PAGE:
- observed by a party (e.g., on a site visit);
- that is marked confidential or not;
- that a party ought reasonably expect to be confidential;
- that is derived from confidential information;
- that pertains to the existence or terms of the negotiation between the parties; or
- received from or regarding subsidiaries or third parties.
Disclosing and receiving parties will often have different perspectives on the appropriate scope of confidential information. A disclosing party will likely prefer a broad definition and should resist the need to mark or otherwise identify information as being confidential. A receiving party will likely prefer a narrower definition as to what would constitute confidential information (and would typically prefer clear marking of same). This may be particularly true where there is a potential for the disclosing party to provide more information than is needed, leaving the receiving party more broadly constrained by the NDA than is reasonable or necessary. If personal information will be disclosed, the NDA should include specific privacy provisions to comply with applicable privacy legislation.
3. What type of information should not be confidential?
Not all confidential information should be treated as confidential. There are two ways to exclude categories of possible confidential information: 1) by including exceptions to the definition of confidential information or 2) by adding carve-outs to the obligations that apply to confidential information. The second approach is generally more straightforward but the following should be excluded one way or the other:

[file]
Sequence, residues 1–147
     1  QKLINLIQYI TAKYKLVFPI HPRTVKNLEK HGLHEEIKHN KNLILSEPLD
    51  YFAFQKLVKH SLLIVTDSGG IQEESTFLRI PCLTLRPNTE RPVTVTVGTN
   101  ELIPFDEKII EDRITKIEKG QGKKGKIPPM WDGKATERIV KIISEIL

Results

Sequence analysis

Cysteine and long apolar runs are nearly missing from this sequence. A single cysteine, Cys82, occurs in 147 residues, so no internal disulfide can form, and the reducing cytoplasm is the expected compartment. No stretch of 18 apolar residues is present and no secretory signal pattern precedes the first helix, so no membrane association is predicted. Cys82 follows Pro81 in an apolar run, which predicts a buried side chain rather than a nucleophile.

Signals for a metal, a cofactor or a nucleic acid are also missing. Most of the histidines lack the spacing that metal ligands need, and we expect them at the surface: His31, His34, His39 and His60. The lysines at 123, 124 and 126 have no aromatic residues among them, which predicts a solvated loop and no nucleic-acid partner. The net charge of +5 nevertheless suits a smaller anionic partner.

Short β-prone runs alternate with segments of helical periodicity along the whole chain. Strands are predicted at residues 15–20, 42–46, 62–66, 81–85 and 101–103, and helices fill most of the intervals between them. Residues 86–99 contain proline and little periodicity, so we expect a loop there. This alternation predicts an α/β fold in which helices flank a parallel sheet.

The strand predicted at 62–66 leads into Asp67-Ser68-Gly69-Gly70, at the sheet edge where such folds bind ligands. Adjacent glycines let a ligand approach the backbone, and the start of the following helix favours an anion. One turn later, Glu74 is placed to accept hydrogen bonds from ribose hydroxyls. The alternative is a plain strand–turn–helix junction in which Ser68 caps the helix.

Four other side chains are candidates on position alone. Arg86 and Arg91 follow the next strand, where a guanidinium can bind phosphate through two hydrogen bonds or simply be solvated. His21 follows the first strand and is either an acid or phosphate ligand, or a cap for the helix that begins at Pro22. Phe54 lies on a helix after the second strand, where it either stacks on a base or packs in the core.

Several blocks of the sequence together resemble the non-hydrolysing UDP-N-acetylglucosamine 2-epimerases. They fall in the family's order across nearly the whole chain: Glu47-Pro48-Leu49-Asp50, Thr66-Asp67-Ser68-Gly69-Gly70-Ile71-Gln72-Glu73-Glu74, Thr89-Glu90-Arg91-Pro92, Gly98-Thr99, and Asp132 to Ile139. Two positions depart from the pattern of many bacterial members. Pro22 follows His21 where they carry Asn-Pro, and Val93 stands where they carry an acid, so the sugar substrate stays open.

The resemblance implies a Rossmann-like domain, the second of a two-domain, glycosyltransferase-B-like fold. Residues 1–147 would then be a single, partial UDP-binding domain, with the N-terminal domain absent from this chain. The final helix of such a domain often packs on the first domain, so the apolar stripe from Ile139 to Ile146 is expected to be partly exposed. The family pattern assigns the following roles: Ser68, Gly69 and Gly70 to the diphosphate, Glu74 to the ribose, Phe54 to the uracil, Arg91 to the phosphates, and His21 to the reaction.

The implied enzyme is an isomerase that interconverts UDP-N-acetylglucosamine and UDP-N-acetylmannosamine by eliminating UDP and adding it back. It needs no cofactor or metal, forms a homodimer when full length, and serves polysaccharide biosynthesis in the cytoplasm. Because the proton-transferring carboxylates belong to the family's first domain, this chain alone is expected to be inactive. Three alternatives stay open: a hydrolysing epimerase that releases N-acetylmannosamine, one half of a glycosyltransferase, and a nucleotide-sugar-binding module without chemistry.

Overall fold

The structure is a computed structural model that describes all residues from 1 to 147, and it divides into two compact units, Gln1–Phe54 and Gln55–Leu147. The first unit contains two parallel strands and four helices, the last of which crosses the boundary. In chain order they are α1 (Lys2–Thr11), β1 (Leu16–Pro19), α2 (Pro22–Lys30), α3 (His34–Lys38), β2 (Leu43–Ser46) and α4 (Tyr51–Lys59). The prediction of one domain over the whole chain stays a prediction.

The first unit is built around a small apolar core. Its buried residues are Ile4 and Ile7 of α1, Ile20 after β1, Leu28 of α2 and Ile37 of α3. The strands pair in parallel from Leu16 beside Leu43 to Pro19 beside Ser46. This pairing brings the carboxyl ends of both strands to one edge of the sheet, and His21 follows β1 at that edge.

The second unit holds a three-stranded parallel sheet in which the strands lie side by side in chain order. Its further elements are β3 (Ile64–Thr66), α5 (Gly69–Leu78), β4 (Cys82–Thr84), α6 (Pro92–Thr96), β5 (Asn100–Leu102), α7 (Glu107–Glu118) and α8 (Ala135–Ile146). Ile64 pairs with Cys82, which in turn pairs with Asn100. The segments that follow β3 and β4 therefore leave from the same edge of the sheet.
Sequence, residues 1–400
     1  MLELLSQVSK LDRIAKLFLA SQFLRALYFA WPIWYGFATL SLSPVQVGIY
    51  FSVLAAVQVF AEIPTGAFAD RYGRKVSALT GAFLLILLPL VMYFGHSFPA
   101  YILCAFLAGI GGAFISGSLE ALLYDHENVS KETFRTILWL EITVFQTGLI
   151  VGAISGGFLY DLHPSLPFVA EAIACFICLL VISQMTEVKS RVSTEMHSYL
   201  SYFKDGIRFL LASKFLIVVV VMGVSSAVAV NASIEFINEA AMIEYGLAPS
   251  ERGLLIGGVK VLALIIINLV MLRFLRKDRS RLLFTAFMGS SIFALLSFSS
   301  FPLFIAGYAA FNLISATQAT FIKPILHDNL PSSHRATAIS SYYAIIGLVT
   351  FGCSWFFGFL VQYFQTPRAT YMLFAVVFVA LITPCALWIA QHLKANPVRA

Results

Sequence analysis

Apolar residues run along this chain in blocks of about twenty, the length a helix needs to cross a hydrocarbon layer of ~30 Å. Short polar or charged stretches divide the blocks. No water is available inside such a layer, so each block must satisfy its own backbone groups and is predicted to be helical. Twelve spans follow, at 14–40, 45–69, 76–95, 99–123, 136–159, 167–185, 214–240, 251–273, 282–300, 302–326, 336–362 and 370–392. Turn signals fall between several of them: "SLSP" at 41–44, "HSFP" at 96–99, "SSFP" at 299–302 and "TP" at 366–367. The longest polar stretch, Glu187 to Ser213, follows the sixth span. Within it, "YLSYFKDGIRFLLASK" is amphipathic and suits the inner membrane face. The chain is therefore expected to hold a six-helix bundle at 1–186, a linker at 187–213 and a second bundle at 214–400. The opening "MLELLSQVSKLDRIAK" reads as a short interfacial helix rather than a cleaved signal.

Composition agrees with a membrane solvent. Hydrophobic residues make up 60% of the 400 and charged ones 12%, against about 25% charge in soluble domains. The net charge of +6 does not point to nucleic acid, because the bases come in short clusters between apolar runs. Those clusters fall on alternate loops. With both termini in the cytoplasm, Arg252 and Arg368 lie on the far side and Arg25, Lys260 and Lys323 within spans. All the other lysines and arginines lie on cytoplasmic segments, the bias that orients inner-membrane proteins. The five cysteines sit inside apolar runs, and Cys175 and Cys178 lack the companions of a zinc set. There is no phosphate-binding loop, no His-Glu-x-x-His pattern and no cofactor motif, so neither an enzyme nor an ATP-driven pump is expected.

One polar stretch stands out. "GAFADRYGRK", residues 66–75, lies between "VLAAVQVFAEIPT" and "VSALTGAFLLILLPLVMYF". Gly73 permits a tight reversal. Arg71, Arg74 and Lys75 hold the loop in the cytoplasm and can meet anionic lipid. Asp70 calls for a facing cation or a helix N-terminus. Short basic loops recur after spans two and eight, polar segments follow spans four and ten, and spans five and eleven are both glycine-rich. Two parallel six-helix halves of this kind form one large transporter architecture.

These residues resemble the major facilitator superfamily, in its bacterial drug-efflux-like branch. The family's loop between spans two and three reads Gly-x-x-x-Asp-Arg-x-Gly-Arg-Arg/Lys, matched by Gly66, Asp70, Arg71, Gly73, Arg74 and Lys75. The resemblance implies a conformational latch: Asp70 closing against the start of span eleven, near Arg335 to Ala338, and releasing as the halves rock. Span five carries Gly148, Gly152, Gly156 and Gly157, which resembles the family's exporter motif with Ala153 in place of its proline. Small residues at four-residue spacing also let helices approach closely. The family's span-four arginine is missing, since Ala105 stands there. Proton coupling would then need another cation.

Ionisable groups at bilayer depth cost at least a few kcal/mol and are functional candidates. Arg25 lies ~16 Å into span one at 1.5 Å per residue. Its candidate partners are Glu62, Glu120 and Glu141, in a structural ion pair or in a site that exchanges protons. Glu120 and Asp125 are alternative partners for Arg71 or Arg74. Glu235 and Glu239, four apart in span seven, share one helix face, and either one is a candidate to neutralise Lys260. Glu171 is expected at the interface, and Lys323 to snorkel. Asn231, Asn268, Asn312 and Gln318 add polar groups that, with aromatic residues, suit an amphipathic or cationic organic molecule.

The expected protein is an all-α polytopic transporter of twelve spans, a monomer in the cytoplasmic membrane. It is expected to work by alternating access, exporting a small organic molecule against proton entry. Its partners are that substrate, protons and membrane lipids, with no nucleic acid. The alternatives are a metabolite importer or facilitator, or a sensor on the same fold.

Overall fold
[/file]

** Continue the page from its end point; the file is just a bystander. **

- Information developed by the receiving party prior to disclosure under the NDA (without reference to the confidential information);
- Information received by the receiving party lawfully from third parties (without breach of confidentiality obligations);
- Information derived independently by the receiving party (without reference to the confidential information) after disclosure under the NDA;
- Information already in the public domain, including information disclosed in court or regulatory proceedings, through no wrongful act or omission of the receiving party; and
- Disclosure compelled by law or court order.
Where disclosure is compelled by law or order, an NDA cannot contradict this legal obligation. As a result, NDAs should not have disclosure language such as “under any circumstances” or “for any reason,” otherwise the entire agreement may be in jeopardy. That said, an NDA should impose a duty on the receiving party to notify the disclosing party of the request for disclosure, if permitted. The receiving party should only be permitted to disclose such information to the extent specifically required under the applicable law or order. The receiving party should also be required to use commercially reasonable efforts to oppose such requests for disclosure where there are reasonable grounds for doing so, and to seek protection or continued confidential treatment of the information.
In addition, special care should be taken when entering into NDAs with public authorities who may be subject to freedom of information requests. Such NDAs should ensure that the disclosing party is given reasonable opportunity available under the applicable freedom of information legislation to oppose the disclosure of its confidential information. Disclosing parties should understand in advance what types of information is or is not confidential for the purposes of freedom of information requests. For example, commercial terms negotiated with a public body may be viewed by the private party as extremely sensitive competitive information but may nevertheless be subject to disclosure in response to a freedom of information request.
4. What level of protection should apply to confidential information?